DeAngelo Bester -- one of the event's organizers and the Housing Justice Campaign Director for NPA, a national coalition of social, racial and economic justice advocates headquartered in Chicago -- said cooperating was in HUD's best interest. "They don’t have support from housing authorities," he said. "They don't have support from residents. They don't have support from key members of Congress. They need us more than we need them."
One of the eight or so New York activists who attended the meeting said she didn't want to antagonize HUD by mentioning resistance to the policy, know as Preservation, Enhancement and Transition of Rental Assistance Act (PETRA). "I wouldn’t quite say that they have no choice," said Damaris Reyes, a public housing resident and the executive director of Good Old Lower East Side, a neighborhood housing and preservation organization. "I think they know if they want to see this bill passed, they gotta work with folks."
A HUD spokesperson confirmed that Secretary Donovan asked NPA to elaborate on their proposals in writing. "We've requested their suggestions in writing so that we can be clear on the language proposed and what is or isn't already covered in the bill," said Tiffany Thomas Smith, HUD's deputy press secretary. But, Thomas Smith said, NPA's claim that PETRA is unpopular is false. "In these listening sessions, we’ve heard broad support not only for the principles captured in PETRA but also for the need for an innovative, comprehensive strategy to preserve affordable housing," she said.
In May, Donovan announced the proposal by telling the House of Representatives Financial Services Committee that his agency plans to intensify its longstanding efforts to increase the social and physical mobility of public housing residents and turn existing public housing developments into mixed income communities with market rate tenants.
The plan, outlined in a bill called Preservation, Enhancement and Transition of Rental Assistance Act, also aims to attract private investment to those existing public housing developments. Such investment would help pay for costly, long-delayed repairs, which the agency projects total $20 billion. Public housing that receives such investment would remain under the control of the local housing authority for 30 years.
John Rhea, chairman of the New York City Housing Authority (NYCHA) testified at HUD's May hearing that he welcomes the initiative. The National Low Income Housing Coalition (NLIHC) issued a statement in May expressing support for it too. NLIHC President Sheila Crowley Crowley said in that statement that the proposal wasn't perfect, but would provide a framework for addressing important challenges facing public housing.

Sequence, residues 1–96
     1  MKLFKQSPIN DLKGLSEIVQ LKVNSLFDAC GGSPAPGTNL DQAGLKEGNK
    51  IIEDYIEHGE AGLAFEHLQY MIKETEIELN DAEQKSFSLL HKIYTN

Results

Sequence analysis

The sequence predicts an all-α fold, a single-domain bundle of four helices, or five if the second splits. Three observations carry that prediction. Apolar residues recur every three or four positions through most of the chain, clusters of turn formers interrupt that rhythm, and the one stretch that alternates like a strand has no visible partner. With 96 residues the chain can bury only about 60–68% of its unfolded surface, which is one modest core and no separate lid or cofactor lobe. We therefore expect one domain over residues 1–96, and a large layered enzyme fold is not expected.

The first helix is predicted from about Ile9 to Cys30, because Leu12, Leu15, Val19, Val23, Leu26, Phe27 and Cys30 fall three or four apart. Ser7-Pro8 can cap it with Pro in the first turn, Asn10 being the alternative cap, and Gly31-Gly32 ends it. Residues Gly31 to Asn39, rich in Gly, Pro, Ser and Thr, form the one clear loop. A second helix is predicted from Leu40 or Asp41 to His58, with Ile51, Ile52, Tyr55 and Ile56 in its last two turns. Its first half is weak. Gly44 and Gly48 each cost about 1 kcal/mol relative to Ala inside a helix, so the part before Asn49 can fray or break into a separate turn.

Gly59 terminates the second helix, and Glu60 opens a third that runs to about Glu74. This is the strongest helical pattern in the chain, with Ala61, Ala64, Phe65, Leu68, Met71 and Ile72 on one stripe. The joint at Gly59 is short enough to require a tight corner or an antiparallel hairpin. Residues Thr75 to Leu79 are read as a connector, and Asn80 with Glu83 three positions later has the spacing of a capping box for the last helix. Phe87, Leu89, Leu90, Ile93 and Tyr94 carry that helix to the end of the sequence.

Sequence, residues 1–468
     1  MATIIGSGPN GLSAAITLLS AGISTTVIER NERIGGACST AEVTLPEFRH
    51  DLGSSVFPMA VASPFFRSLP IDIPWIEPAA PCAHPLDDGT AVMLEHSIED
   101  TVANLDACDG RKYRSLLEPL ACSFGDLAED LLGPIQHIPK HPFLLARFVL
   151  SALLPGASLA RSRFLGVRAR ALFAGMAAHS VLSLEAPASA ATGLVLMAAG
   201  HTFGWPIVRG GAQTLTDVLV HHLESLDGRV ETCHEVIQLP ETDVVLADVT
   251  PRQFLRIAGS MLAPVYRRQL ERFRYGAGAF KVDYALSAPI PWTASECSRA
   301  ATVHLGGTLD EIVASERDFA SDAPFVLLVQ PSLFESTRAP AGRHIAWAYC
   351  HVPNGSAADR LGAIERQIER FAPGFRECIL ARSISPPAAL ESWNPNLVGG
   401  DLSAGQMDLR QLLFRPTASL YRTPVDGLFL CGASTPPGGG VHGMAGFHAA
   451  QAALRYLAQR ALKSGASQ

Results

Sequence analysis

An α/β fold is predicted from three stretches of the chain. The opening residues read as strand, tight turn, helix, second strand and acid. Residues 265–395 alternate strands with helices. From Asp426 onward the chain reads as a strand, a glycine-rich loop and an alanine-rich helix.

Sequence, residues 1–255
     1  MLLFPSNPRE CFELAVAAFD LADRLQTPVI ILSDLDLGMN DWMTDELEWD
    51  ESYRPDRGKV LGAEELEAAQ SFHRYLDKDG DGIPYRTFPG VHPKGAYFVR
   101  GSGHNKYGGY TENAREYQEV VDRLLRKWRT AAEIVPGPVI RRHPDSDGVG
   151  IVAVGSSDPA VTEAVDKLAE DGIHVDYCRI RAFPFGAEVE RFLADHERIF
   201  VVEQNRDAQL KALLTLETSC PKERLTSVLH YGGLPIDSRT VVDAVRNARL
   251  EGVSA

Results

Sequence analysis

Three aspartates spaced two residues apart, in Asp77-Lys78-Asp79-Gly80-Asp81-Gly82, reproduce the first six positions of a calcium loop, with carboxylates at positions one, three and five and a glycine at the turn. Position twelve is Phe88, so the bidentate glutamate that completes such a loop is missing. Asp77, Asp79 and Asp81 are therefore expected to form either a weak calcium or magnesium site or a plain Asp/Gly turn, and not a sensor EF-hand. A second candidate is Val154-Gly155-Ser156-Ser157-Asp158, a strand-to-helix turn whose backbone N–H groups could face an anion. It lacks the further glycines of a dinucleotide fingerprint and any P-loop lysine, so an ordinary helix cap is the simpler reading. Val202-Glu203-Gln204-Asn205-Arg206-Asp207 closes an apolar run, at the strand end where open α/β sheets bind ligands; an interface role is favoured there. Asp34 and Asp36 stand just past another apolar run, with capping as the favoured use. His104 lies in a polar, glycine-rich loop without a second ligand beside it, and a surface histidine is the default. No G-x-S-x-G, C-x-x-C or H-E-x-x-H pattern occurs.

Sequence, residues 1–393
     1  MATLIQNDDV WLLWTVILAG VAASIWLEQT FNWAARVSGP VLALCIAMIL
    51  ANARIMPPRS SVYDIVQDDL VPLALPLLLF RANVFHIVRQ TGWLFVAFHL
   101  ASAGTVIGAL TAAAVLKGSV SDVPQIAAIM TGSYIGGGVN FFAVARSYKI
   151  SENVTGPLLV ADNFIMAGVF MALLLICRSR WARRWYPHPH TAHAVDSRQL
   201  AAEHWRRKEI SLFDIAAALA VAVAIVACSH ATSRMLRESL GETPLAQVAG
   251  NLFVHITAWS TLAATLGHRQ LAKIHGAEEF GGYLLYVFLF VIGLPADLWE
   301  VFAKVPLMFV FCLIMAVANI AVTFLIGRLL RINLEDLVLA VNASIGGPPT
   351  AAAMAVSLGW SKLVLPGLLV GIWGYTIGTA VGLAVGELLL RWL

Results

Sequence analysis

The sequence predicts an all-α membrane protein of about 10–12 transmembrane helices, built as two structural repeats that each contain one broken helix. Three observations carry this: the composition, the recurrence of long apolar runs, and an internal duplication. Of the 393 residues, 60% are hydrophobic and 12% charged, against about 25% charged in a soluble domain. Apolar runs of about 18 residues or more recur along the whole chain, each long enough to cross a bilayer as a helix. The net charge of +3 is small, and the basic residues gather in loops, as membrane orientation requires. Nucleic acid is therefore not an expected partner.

NPA activists say they also recognize that public housing in its current form is not sustainable and must change. But at last month's meeting with Donovan, they said they were worried that allowing the private sector to invest in public housing could lead banks and other lenders to foreclose on and privatize public housing. To avoid that, they recommended that HUD add to PETRA a requirement that the FHA guarantee any mortgages procured by public housing authorities. The activists also want PETRA to prohibit private investors and lenders from investing or loaning more than 49% of the post-rehabilitation value of the publicly-owned property used as the collateral or as the underlying asset for the loan or investment.
Donovan told the activists that he believes PETRA does an adequate job of preventing the privatization of public housing, but said he is open to the idea of using something like the FHA to strengthen that prevention. Donovan said that many public housing buildings wouldn't qualify for an FHA guarantee, but asked the activists to flesh out their proposal, with provisions that would enable HUD to adopt it internally, thereby avoiding the gridlock associated with seeking Congressional approval.
Donovan was also receptive to the activists' recommendation that HUD alter PETRA to strengthen the right of public housing residents to organize themselves into tenant associations. The activists asked him to add to the bill a guarantee of funding for all official tenant associations. Donovan said he liked the idea but feared that such a provision would subsidize dubious tenant associations, those that are too heavily influenced by housing authorities. He agreed to work with NPA to develop criteria to identify and fund legitimate tenant associations.
Donovan also rejected some NPA recommendations at last month's meeting, including:
Eileen Markey contributed to this report.